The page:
<interlude: 1-hour train ride from Shinjuku to Nakamurabashi>

Finding a Sakura house building, even with a map, in the dark, in an area you’ve never been to before, is a depressing experience. Comparable to Hirakata in 2008, the neighbourhood was so quiet I was worried about waking people up with the sheer sound my suitcase rolling on the ground. Eventually I did find the right building and my first day tribulations were finally coming to an end.

The apartment itself has its advantages and disadvantages. The natural characteristic of Japanese buildings is unfortunately far too apparent, meaning that it’s fucking freezing throughout. My room is nice, clean, with a nice kitchen and all the appliances I need, except a rice cooker, the only thing I would really need. The toilet is outside the room, and also shit. The shower is downstairs and very nice if you happen to enjoy temperatures around zero right after the water stops. The cold I caught before Tuesday morning will testify for me not exaggerating that part.

Sakurahouse Nakamurabashi A

The first night of sleep was good, though. I eventually fell asleep while watching a movie and ended up sleeping next to my laptop. Sakurahouse might charge extra for additional entities in my bed so I probably won’t tell them. The following morning was training and evaluation time. I needed to find my way to work quickly enough so I could start comparing different train connections and travel methods. Train rides are always mind-numbingly boring, but luckily I’ve come up with a great game to play during commutes. I call it 電車の王, which roughly translates to king of the train. The rules are simple: The tallest person in the car is the king and wins the game. So far I’ve won every game. I keep all the trophies in my head. Meanwhile in the real world, Tuesday, Wednesday and Thursday were all spent at work. Due to the fact that blogging about work has recently become a dangerous phenomenon for employees and I have no job security whatsoever, I won’t mention anything work-related in this blog again. It shouldn’t be relevant anyway.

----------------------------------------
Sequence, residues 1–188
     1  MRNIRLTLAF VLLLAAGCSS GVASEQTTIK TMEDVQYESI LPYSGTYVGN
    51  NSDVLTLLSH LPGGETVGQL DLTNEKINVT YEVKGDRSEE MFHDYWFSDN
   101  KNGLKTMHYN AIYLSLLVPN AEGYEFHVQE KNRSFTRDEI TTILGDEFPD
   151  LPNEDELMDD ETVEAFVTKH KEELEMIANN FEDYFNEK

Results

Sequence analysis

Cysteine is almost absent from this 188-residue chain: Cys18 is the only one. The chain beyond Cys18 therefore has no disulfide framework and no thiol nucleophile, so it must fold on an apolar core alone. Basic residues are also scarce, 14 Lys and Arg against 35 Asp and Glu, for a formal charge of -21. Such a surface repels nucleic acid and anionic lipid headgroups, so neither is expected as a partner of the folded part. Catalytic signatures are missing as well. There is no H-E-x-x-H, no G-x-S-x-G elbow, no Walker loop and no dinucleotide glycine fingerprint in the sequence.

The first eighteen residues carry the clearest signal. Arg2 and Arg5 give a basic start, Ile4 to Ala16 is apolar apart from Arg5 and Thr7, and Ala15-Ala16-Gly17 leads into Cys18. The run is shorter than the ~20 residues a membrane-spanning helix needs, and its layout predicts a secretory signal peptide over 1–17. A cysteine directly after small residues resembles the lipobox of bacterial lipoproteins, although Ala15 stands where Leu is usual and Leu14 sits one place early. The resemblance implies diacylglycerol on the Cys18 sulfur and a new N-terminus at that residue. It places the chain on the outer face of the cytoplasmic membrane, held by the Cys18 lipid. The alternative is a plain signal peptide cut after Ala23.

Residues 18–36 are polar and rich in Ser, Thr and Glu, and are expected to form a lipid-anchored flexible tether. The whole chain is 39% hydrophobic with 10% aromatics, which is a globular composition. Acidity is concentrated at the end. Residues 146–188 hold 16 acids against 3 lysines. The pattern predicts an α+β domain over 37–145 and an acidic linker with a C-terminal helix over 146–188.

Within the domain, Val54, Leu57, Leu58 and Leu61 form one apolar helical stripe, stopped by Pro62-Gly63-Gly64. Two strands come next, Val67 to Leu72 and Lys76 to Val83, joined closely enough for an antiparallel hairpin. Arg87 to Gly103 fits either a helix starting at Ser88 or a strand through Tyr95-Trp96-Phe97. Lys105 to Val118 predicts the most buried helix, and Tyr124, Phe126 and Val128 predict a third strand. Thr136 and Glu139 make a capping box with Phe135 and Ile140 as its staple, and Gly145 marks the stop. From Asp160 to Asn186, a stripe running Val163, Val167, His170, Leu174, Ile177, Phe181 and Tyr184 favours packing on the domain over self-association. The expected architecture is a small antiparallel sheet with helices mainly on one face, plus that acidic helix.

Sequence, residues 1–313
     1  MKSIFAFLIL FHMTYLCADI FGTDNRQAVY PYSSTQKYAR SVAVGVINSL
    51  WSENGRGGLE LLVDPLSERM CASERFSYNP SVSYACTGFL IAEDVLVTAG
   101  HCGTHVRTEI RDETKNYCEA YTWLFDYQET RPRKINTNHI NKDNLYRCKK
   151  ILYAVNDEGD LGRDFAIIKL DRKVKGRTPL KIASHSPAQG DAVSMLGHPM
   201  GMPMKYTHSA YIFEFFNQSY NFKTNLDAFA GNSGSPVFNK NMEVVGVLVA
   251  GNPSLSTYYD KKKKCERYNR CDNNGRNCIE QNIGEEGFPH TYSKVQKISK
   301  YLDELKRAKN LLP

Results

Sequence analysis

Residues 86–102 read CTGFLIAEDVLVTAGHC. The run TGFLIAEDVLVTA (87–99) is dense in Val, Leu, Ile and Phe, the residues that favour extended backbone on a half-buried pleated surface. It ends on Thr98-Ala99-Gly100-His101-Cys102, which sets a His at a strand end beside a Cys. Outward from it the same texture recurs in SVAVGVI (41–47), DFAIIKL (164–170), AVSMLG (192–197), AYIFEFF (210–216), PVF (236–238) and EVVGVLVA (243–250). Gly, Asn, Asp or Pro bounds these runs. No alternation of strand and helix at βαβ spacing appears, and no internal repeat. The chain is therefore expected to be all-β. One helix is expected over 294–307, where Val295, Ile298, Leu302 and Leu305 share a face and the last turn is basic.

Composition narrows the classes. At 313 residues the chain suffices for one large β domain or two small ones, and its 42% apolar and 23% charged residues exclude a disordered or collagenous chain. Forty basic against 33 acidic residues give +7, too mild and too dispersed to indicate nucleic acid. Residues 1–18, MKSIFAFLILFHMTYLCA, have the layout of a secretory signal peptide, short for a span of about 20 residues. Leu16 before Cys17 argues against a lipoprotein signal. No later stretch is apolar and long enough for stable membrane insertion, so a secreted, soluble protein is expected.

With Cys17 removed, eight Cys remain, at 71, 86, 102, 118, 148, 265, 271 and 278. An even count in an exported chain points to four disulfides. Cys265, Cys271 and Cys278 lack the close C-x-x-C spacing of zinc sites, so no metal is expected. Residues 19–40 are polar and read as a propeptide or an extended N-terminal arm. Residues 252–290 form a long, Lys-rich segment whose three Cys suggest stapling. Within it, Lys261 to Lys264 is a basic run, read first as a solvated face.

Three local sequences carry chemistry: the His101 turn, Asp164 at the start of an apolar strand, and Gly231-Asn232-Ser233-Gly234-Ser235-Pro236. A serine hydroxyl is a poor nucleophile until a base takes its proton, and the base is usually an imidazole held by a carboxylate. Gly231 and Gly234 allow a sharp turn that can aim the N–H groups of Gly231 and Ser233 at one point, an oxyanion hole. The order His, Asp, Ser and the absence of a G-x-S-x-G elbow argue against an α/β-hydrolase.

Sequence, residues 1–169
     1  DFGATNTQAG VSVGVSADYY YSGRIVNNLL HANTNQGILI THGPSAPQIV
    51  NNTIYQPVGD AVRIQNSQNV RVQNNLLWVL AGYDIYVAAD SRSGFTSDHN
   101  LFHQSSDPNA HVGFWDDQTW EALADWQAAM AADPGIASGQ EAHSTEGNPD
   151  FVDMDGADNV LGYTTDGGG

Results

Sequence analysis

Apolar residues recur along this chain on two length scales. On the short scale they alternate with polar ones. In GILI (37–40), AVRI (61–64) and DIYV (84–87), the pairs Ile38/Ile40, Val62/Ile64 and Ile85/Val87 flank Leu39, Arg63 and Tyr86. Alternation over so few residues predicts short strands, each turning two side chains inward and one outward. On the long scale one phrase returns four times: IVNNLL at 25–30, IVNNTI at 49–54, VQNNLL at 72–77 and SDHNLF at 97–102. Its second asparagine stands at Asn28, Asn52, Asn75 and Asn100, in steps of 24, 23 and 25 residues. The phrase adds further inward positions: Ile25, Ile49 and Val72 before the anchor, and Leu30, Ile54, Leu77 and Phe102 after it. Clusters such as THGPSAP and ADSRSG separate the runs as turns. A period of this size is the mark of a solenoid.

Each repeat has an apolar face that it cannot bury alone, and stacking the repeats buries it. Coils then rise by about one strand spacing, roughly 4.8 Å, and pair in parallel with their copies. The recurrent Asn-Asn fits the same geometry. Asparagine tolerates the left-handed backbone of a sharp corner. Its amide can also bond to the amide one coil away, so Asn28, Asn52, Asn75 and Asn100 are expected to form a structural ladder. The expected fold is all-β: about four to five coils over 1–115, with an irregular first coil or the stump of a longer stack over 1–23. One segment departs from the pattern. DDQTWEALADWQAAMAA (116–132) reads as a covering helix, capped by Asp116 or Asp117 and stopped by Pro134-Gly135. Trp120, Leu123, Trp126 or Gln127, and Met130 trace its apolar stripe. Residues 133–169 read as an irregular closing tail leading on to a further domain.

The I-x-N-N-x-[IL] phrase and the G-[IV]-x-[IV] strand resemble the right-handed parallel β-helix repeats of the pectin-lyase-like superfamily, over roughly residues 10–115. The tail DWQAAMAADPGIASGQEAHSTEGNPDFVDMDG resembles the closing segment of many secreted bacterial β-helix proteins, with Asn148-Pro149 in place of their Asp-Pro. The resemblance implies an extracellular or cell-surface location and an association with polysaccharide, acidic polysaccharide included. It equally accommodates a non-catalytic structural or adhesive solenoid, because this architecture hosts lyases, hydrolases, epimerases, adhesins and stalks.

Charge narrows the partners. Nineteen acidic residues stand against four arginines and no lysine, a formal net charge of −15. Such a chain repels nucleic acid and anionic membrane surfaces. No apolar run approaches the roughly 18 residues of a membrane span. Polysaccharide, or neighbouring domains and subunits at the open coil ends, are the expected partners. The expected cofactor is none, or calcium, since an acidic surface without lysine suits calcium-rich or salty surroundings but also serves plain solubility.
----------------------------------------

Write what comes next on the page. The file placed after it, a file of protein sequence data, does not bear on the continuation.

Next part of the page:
Wednesday evening my arch nemesis Joona finally made it to Tokyo so we had our official Akihabara memorial day, avoiding underage girls’ maid café offers and checking out stores for cheap Apple products (Joona) and 3rd to 5th generation game consoles (me). Thursday evening was the first visit to Torikizoku in one and a half years so I had to prove myself I can eat some of the dullest traditional dishes available in Japan, ochazuke. Once that feat of strength was completed we enjoyed some umeshu drinks and cheap happoshu until it was time to take trains back to our respective dwellings. Oh yeah, nobody besides me can sleep at my place without paying Sakurahouse an additional 2000 yen, and if they catch me breaking that rule “the lessee faces immediate eviction“. Due to a high risk / no profit situation, I returned to Nerima alone while Joona took the Tsukuba line to Asakusa back to his hostel.

Everything in Toriki is 280 yen, starting with the 0,75l mug of happoshu

tl;dr – I’m in Japan now.